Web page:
Afghanistan has seen a surge in terror attacks targeting the country's minority Shiite community. Observers say the attacks are aimed at undercutting the government's credibility and exacerbating the sectarian tensions.
Little did the parents who took their children to Baqir-ul Olum mosque in Kabul on Monday, November 21, know that they would have to carry the dead bodies of their children back home. On this fateful day, a suicide bomber detonated an explosive device here killing at least 30 people and wounding dozens during a Shiite religious ceremony.
"The people killed in the attack are not government officials, they are all ordinary people," said Sharif, who goes with only one name. Sharif was present in the mosque at the time of the incident.
"Why are we being attacked for worshiping or demanding our rights?" he lamented, referring to other similar attacks that seem to have targeted Afghan Shiites, a minority in the mainly Sunni Afghanistan.
The latest attack follows two other such incidents in the month of October alone that killed over 32 people in Kabul and Balkh provinces. In July, another attack in Kabul killed over 100 protesters - mostly Shiite Hazaras.
Almost all the casualties of these attacks, for which so-called "Islamic State" (IS) has claimed responsibility, were Shiite Afghans, rising concerns over an increase in sectarian violence across Afghanistan.
Such violence has been on the rise since the emergence of IS in Afghanistan in early 2015. The group has carried out brutal attacks on other religious minorities in its strongholds in Syria and Iraq.
In Afghanistan, however, where Shiite Muslims make up an estimated 15 percent of the population of about 30 million and mostly come from the Hazara ethnicity, sectarian attacks are a relatively new phenomenon.
Although the Taliban regime targeted Hazaras during their time in power in Afghanistan in late 1990s, the group has distanced itself from recent attacks on Shiite mosques.
Nevertheless, some Taliban members and IS still view Shiite Muslims as apostates, and carry out attacks on their mosques and public gatherings.
Weakening the government
By attacking Shiite Muslims, Islamic State wants to undermine civil society activity in Afghanistan, says Siegfried O. Wolf, a South Asia expert at the University of Heidelberg.
"The IS attack was also an attempt to weaken the current Afghan government by portraying them as unable to protect the country's minorities," he said.
But this is not the only challenge the government in Kabul is facing at the moment. It also suffers from deep internal fissures between President Ashraf Ghani and Chief Executive Abdullah Abdullah over the power-sharing deal of the National Unity Government (NUG).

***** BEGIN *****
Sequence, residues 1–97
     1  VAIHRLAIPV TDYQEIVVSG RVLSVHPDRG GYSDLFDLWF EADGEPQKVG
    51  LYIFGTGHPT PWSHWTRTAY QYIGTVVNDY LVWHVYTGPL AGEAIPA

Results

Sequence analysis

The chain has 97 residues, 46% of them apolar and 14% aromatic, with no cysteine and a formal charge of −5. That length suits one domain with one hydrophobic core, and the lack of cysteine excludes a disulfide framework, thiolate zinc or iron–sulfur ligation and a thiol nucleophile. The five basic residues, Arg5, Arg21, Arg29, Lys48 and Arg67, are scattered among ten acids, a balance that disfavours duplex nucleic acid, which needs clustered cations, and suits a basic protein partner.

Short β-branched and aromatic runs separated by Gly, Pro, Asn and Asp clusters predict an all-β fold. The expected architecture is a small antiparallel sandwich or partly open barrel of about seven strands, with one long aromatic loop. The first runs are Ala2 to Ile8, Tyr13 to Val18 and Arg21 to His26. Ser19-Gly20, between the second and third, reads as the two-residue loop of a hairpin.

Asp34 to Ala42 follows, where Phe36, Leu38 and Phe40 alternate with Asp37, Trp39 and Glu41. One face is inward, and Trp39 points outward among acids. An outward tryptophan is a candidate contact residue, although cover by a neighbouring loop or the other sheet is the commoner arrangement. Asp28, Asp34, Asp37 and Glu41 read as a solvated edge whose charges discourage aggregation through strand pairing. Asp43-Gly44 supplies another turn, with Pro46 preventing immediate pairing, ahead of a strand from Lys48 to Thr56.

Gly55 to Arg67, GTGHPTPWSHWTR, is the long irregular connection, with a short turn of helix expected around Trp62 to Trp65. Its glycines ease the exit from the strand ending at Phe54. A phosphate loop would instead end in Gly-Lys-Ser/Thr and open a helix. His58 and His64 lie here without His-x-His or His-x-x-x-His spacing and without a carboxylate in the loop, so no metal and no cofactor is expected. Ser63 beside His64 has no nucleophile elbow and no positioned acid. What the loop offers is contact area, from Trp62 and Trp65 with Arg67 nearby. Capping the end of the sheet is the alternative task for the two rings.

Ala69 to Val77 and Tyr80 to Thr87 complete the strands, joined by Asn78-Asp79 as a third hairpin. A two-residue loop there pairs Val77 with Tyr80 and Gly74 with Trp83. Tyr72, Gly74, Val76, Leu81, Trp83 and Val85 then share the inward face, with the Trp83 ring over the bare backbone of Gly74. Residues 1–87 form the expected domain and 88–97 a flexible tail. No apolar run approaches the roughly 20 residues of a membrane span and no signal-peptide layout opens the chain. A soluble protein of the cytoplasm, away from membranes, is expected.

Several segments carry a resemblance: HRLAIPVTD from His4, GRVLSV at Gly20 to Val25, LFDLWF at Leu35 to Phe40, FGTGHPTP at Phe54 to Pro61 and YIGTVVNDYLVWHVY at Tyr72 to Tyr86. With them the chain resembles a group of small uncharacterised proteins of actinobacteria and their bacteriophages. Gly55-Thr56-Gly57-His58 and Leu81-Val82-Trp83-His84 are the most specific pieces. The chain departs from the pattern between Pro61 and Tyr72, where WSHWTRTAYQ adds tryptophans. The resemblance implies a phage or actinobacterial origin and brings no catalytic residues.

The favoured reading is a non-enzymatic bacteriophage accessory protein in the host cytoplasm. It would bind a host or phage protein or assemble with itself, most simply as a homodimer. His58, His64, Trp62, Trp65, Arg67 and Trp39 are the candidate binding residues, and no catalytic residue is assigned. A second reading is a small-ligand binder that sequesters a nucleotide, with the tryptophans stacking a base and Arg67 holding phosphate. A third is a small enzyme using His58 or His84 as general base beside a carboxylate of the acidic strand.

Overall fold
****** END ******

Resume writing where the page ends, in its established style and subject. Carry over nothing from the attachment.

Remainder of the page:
Also, the Taliban continue to pose the greatest challenge for the Afghan security forces who have been struggling to keep the group at bay since taking over the war-ravaged nation's overall security responsibility from NATO forces.
The presence of IS has so far been confined to a few districts in eastern Nangarhar Province of Afghanistan. And its members are mostly former Taliban and other extremist elements. IS, however, has ideological differences with the Taliban, which remains the strongest anti-government armed force in the country.
Clashes with government forces and Taliban members have weakened Islamic State in Afghanistan. But analyst Wolf believes the terrorist group intends to send a message to the government as well as the Taliban that it still has a presence across Afghanistan and can pose a threat.
The attacks were also a warning to minorities in Afghanistan not to support a peace process with the Taliban or any other group, according to the expert. "The IS attacks must be seen as a clear warning against the Shiite community not to cooperate with the Taliban or the NUG and that they should keep a low profile," he added.
Some observers see the recent attacks in a bigger context of rivalry between Shiite and Sunni extremists. Groups funded by extremist elements of both these branches of Islam, encourage such incidents, they argue.
Such attacks have been carried out by extremist Sunni groups in countries like Pakistan and, experts believe, Afghanistan is on the verge of becoming involved in the bigger scenario of sectarian violence.
Civil society activist Dawood Naji says the ambiguous foreign policy of the Afghan government has paved the way for the emergence of this type of violence.
"One day the government is close to Pakistan and the next day to India; one day it looks towards Iran and the next day towards Saudi Arabia. Such ambiguous policies create confusion among all parties," he said.
Sunni-majority Saudi Arabia and Shiite Iran are regional rivals. Their quest for dominance in the region, and the ensuing power struggles, has aggravated conflicts in countries such as Syria and Yemen.
But it is very difficult to prove and even close to impossible to determine if the recent wave of attacks against Afghan Shiites is actually sponsored by extremist groups outside Afghanistan.